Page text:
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My conception of alchemy is that a number of alchemical physical processes are known, that correspond to various Powers (eg Putrefaction is Death, Crystalisation is Harmony), and substances are catalogued according to correspondences with elements and sub-elements (eg Alcohol is the Fire of Water, vitriol might be literally water of Death?). Philosophically, it becomes vital to Western sorcery and philosophy - it is the key by which the abstract world of Runes is intellectually translated into the complex world of matter (and back). Without Alchemy sorcerous interaction with Matter would be far more simplistic - probably just simple Elemental manipulation. It concentrates on metals and minerals because much Western Sorcery is ultimately from Mostali sources, but that's not all there is - Plant and Beast alchemy is known to Malkioni in the modern era. Note also the Pavis grimoires seem pretty clearly alchemical and deal heavily with Man (though of course not Western). Alchemy has mundane as well as magical uses (like old RQ2 Alchemists Guild, also perfume manufacture in Fonrit), but purely magical or philosophical use still has value. I admit this is more medieval than Bronze Age but *shrug* 1600 years of sorcerous development surely means Gloranthan sorcery has progressed beyond our own Bronze Age, especially if some Mostali secrets have been stolen.

I don't think that knowledge of gunpowder is common - it may be a known secret, but still likely to lead to an invasion of gunpowder gobblers, and no one wants that, so it isn't widely known or used. 

Of course seeking Iron is desired practically, but a secret the Mostali guard jealously. And philosophically, Iron is Death, which seems uninviting. Ultimately perhaps they seek to refine Adamant, pure solid Law. And surely no one who isn't a major Hero or demigod at least has ever done his. Maybe only Zzabur, or perhaps Ezok.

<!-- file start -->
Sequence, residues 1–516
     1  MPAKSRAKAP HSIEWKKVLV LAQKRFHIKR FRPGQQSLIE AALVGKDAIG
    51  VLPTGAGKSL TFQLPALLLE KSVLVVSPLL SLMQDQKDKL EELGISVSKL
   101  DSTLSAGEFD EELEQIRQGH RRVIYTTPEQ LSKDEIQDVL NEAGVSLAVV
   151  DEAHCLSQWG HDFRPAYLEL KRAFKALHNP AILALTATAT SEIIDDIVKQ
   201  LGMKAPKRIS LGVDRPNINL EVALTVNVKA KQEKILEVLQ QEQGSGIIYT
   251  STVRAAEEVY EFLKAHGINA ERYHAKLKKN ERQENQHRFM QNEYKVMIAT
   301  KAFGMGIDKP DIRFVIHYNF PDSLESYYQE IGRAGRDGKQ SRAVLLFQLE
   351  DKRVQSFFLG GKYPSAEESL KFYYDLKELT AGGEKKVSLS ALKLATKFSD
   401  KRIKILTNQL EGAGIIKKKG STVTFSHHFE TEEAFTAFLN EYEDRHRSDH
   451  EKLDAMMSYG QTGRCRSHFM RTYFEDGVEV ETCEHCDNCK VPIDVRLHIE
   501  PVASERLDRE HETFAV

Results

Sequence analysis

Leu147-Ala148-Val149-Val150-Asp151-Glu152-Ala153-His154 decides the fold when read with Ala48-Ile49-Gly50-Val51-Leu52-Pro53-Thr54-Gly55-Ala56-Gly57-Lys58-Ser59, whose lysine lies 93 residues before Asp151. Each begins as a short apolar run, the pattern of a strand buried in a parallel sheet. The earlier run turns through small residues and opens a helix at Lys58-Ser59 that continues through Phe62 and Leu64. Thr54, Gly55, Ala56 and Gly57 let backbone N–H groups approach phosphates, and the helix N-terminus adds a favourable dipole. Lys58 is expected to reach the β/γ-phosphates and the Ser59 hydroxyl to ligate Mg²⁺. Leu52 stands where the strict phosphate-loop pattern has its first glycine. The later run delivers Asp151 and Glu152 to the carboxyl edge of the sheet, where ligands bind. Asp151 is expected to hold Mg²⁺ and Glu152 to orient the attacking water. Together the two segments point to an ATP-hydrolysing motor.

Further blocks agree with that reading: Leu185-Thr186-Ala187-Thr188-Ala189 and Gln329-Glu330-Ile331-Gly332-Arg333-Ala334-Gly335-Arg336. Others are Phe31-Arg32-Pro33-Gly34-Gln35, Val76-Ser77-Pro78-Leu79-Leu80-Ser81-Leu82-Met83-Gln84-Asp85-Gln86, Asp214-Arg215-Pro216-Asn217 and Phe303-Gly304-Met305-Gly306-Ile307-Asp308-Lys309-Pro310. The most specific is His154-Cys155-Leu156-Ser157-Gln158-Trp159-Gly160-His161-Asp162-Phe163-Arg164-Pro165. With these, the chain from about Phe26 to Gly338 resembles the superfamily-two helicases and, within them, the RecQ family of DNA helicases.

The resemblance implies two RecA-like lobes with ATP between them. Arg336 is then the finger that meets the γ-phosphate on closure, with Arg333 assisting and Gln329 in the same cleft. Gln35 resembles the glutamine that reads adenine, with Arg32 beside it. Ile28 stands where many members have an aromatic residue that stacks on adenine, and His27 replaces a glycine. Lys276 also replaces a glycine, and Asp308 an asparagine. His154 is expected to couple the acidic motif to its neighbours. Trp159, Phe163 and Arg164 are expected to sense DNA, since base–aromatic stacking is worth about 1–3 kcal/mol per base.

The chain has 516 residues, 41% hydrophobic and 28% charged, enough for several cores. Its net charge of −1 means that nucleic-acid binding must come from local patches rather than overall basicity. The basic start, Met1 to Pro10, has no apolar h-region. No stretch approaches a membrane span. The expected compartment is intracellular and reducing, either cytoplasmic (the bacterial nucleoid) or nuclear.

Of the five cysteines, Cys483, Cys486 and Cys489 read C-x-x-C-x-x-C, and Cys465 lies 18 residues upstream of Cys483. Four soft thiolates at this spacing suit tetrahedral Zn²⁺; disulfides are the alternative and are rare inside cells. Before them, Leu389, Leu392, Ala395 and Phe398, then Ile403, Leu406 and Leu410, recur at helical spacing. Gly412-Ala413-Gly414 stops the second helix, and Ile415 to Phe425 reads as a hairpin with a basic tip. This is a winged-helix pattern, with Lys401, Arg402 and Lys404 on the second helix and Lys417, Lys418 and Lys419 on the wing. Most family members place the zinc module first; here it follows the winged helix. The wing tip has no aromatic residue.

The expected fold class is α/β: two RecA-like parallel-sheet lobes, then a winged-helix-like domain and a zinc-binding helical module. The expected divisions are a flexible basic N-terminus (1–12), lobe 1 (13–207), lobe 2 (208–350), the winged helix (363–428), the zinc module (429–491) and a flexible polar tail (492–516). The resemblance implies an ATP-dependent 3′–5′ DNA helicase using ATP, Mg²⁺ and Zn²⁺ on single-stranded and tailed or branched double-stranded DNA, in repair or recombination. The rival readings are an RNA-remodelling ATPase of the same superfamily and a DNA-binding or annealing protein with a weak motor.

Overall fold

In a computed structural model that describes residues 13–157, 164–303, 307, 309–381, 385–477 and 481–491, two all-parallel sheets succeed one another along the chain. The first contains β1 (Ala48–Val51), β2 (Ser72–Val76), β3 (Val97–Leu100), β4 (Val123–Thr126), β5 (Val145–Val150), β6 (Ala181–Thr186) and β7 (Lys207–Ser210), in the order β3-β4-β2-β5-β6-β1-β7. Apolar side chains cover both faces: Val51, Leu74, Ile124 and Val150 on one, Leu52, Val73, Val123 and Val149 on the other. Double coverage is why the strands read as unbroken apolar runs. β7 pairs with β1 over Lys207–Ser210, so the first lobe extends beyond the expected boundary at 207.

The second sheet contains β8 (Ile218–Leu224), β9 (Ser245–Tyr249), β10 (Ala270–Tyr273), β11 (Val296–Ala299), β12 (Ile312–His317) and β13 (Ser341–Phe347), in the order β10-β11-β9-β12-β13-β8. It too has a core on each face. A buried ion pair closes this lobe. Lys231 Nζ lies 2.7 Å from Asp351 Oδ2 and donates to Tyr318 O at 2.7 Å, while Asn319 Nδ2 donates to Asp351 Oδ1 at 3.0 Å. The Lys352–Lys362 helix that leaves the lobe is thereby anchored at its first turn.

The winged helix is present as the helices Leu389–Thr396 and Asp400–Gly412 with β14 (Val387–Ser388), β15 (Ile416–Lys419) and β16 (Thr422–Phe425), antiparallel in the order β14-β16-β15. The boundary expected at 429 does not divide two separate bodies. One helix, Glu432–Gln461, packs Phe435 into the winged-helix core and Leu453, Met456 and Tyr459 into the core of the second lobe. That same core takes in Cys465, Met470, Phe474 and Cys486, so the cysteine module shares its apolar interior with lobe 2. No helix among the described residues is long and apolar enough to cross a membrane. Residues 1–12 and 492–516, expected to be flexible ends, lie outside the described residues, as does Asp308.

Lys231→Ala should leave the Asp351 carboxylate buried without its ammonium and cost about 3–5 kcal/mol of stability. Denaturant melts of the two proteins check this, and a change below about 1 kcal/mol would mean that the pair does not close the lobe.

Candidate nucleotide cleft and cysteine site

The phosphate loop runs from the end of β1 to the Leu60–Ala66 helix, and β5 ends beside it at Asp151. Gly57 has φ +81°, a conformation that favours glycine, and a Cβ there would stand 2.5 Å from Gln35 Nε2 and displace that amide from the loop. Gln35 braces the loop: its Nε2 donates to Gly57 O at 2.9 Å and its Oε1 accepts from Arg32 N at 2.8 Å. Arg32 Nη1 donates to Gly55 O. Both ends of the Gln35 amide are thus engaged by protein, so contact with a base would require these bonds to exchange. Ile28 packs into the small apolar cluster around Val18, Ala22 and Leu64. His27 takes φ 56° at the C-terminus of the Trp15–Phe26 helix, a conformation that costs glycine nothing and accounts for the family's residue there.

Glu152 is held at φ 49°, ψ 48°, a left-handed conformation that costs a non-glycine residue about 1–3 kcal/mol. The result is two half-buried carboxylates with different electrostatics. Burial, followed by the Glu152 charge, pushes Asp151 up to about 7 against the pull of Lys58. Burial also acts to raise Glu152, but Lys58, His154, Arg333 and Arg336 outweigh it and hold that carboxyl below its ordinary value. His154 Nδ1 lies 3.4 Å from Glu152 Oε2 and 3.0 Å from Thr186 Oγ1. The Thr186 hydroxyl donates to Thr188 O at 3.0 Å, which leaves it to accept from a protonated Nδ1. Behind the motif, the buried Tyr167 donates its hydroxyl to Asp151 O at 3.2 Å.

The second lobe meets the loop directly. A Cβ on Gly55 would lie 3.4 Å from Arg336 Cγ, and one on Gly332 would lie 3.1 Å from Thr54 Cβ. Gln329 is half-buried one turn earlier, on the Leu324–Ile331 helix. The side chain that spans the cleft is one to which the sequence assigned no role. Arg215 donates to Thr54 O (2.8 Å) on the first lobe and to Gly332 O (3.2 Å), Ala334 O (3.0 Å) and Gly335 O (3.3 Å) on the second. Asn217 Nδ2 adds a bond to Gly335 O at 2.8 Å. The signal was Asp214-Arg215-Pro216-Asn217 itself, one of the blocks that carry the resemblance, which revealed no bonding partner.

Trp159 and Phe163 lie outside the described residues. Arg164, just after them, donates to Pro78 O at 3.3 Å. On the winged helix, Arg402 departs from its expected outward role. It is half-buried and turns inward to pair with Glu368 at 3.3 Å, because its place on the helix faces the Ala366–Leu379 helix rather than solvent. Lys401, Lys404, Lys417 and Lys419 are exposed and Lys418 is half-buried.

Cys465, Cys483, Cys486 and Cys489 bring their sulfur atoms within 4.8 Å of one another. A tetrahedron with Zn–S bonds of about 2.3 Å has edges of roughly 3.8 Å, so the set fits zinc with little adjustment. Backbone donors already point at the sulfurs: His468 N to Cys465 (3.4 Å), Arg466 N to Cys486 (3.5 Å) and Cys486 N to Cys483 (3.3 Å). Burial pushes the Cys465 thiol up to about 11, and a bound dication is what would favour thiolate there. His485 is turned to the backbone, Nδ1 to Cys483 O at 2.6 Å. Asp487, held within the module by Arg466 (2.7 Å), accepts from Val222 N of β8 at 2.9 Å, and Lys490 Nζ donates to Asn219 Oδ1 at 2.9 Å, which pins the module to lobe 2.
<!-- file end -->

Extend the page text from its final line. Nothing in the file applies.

Eastern alchemy, though still sorcerous, is of course a whole different thing. 

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I think of the schools as being primarily intellectual traditions, but certainly some of them may be associated with specific institutions, just as we speak of Chicago school of economics or the Oxford school of international relations. but some schools (eg the Debaldan) will have many individual centers of learning, without one being pre-eminent.

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Ezok is the guy I presume the Ezokite school is named after, presumably an ancient Enrovalini sorcerer who studied under Zzabur or something. But I just hypothesised his existence, so its entirely possible that Ezok is a city or an untranslatable term or something instead. 

Edited by davecake
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18 hours ago, davecake said:

Ezok is the guy I presume the Ezokite school is named after

Revealed Mythology p.11 indicates:  "some of the schools of sorcery that were well established during the Dawn Age.  These are not named after their founders, but are descriptive words indicating their powers....

Ekozite [sic] - Philosophy: Zzaburite; Affinity: Alchemical Transformations"

So the transmuting "Ezok/Ekoz" relates to spells that make alchemical changes.